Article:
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5 things you didn’t know about Nigeria’s Alpha jets

On the 31st of March 2021, Nigerian Air Force Alpha Jet aircraft (NAF475) went off the radar with two crew members on board and it was later reported to have crashed.

Boko Haram, an insurgent group that has been operating in the North-Eastern part of Nigeria since 2009 has claimed responsibility. But the Federal Government of Nigeria has said the insurgent group is not responsible.

Generally, a military plane or jet crash can be caused by a wide variety of factors, such as design or manufacturer defects, pilot error, negligent maintenance, air traffic controller error, inclement weather or brought down by an enemy.

What are Alpha jets?

The Alpha jets series of planes was a combined France-Germany initiative to create an innovative tactical trainer aircraft with close-air support warfare abilities.

It was planned to succeed the Fouga Magister, a 1950s French two-seat jet trainer aircraft, developed and manufactured by French aircraft manufacturer Fouga.

Alpha jets were also to replace the Lockheed T 33, a subsonic American jet trainer. It was produced by Lockheed and made its first flight in 1948.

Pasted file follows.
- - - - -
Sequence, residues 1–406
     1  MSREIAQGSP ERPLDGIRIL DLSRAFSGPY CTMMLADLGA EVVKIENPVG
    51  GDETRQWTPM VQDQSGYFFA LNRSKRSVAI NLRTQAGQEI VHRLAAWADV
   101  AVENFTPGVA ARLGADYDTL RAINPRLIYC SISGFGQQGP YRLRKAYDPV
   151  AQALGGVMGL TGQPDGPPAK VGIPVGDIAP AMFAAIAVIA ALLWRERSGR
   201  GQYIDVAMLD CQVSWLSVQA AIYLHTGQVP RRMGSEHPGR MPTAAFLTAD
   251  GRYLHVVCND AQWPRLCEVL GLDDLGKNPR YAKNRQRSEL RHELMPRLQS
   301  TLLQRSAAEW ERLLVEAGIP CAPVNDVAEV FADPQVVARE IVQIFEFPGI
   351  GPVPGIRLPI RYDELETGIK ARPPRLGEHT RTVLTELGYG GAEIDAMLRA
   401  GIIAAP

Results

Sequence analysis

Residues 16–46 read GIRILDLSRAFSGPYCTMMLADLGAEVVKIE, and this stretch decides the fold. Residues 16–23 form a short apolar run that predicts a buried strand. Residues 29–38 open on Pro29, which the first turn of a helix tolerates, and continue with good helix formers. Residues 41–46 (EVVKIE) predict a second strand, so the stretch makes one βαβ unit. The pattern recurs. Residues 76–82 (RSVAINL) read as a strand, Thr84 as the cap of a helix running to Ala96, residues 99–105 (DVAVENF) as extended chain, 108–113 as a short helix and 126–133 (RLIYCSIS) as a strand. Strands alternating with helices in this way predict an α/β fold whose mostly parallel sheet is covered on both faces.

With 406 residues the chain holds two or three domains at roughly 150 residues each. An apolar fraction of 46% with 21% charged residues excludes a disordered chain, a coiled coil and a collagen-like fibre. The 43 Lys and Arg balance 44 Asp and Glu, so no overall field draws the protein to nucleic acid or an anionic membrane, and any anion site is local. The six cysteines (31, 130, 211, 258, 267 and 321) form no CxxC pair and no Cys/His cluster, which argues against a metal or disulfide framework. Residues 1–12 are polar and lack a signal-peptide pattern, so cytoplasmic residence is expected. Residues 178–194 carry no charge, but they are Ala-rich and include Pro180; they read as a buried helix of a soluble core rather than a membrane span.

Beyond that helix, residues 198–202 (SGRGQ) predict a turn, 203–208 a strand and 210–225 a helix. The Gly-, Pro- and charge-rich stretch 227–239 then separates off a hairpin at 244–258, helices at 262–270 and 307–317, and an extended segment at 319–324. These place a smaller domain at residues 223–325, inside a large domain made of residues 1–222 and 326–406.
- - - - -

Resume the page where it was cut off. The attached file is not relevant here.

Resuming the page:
These older jet models were fuel-inefficient and expensive to maintain.

The French company Dassault-Breguet generated the first evaluation. It was designed under the classification of “TA501″. This combined the features of two earlier German and French proposals.

The concept was approved for additional development. From the two participating countries and was finalised to become the “Alpha Jet” of the early 1970s.

In total, 512 Alpha jets were produced of which 329 were exported. Air Forces of Belgium, Cameroon, Egypt, France, Ivory Coast, Morocco, Nigeria, Qatar, Togo, and West Germany took supplies.

They now have over a million flying hours to their credit.

A jet trainer

The US Navy sought to replace the T2C and TA4J jet series for its Undergraduate Jet Flight Training Programme Sys (VTXTS) and wanted the replacement to be more fuel efficient and cheaper to maintain.

The Navy wanted one aircraft that was efficient and suitable for honing the skills of tomorrow’s carrier jet pilots – such as the F-16 fighter jets.

In the fall of 1980, Lockheed Martin Corporation, American aerospace, arms, defence, security, and advanced technologies company with worldwide interests introduced the Alpha jets to the US government and Navy.

The Alpha jets are a top European design. It was designed and built by Dassault-Breguet in France and Dornier in Germany, companies are aircraft makers.

Easy and cost-effective maintenance

Alpha jets are high performance light aircraft that are easy and cost-effective to operate. Pre-flight inspections are simple and fast. It is an excellent plane designed for minimum support.

For example, engines can be replaced in just an hour with a few tools. All equipment servicing are accessible from the ground. It has low fuel consumption and is good for training and advanced light-attack. It has its place in history and training colleges. It integrates simulations, academics and real combat, but then whether it is suitable for modern warfare is another discussion.